Paula Schuman, a former member of the Workers League (forerunner to the Socialist Equality Party) and specialist in infectious diseases and AIDS, died on January 10, 2010 at her home in Davenport, Iowa at the age of 61.
Paula was born and raised in the city of Detroit, where her family was active in the labor and civil rights movement. At a very young age, Paula became sympathetic to the struggles of the working class and opposed all forms of discrimination and oppression in capitalist society.
Like many of her generation, Paula opposed the Vietnam War and the attacks that were being made on the American working class to finance the relentless bombing and slaughter of thousands of workers and peasants in Asia.
While attending Georgetown University as a medical student, Paula met the Workers League and, after discussing the socialist and internationalist perspective of the Trotskyist movement, made a decision to join.
When she completed her residency at Johns Hopkins, Paula moved back to the city of Detroit and played a very active role fighting for the party’s perspective. Hundreds of autoworkers purchased copies of the party’s weekly Bulletin newspaper from her outside factory gates.
While working as a doctor at Herman Kiefer Medical Center, Paula was the main organizer in the fight for a physicians’ union, which eventually won recognition in 1988.
While Paula withdrew from political activity in the party during the period of the 1980s, she remained sympathetic to its perspective and supported its activities.
When an outbreak of the deadly AIDS virus took place during this same period, Paula threw her efforts as a physician into combating the disease, which was taking a particularly heavy toll on those who lacked access to health insurance and medical care.
In an interview with the Detroit News in 1992 highlighting her work, Paula commented, “I don’t think anybody wants to be a specialist in AIDS, this is not a fun thing to do. There are a lot of diseases we can cure. None of us went into medicine to deal with a disease, which kills everyone. But it has to be done.”
By this time a mother with four young children, Paula worked 10 to 11 hours a day operating a clinic at the Detroit Medical Center near downtown Detroit and treated hundreds of women, some with insurance and many without, afflicted with AIDS.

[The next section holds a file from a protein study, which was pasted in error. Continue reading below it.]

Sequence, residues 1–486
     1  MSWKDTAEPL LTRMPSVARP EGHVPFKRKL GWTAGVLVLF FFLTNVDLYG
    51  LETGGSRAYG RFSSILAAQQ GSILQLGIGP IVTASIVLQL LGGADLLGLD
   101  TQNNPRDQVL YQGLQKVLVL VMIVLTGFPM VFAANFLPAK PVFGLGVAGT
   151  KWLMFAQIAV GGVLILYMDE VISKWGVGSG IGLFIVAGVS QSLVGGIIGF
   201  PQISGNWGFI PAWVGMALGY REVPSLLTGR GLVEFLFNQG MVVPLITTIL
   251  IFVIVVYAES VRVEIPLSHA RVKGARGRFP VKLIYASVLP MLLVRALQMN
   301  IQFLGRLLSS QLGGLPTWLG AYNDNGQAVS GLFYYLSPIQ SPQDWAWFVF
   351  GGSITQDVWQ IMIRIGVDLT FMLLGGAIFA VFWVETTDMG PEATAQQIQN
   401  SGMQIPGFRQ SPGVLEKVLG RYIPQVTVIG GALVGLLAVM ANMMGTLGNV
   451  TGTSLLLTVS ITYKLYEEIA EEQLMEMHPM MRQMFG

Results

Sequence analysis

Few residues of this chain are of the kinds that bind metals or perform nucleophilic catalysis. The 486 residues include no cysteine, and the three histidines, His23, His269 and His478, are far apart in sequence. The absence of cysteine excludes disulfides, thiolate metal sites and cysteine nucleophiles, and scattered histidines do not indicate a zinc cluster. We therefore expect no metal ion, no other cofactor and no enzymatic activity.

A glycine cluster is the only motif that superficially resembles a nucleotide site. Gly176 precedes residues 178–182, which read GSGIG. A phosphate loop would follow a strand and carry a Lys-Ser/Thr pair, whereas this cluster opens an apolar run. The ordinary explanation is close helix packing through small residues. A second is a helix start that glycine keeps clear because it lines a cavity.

Paula’s role was not only that of a medical doctor, but a counselor, friend and confidant for the most impoverished and underprivileged sections of society. Many patients were directed to Paula’s clinic after being shuffled from hospital to hospital because they lacked health insurance.
In addition to treating patients, Paula fought against cuts in social services that compounded problems facing the poor. Many patients would contact her about the problems they were having in paying their rent and heating bills. While busy with her family and work, she took the time to listen to and assist patients.
Paula actively fought for a federal grant to further AIDS research and probe why, for example, women died from the disease faster than men. She became an AIDS specialist with a national reputation, conducting research both in the United States and Africa.
Commenting on her dedication in the Detroit News article, Paula explained, “It fits in with my social outlook. Infectious disease specialists take on typhoid fever or go to Africa and fight river blindness. This is a disease of the most socially deprived people throughout the world. The incredible pathos of this thing grabbed me.”
The pioneering work done by Paula in the field of AIDS research was an extremely important medical contribution. A number of colleagues, who spoke very passionately of her work at the memorial service, commented on her tireless and inexhaustible level of dedication in searching for answers.
Paula is survived by her former husband Jacques Vielot; her three daughters Miranda, Nadja and Jacqueline; and two children she adopted while working in Africa, Cathy and Emmanuel. Paula’s son Dmitri died in 1999.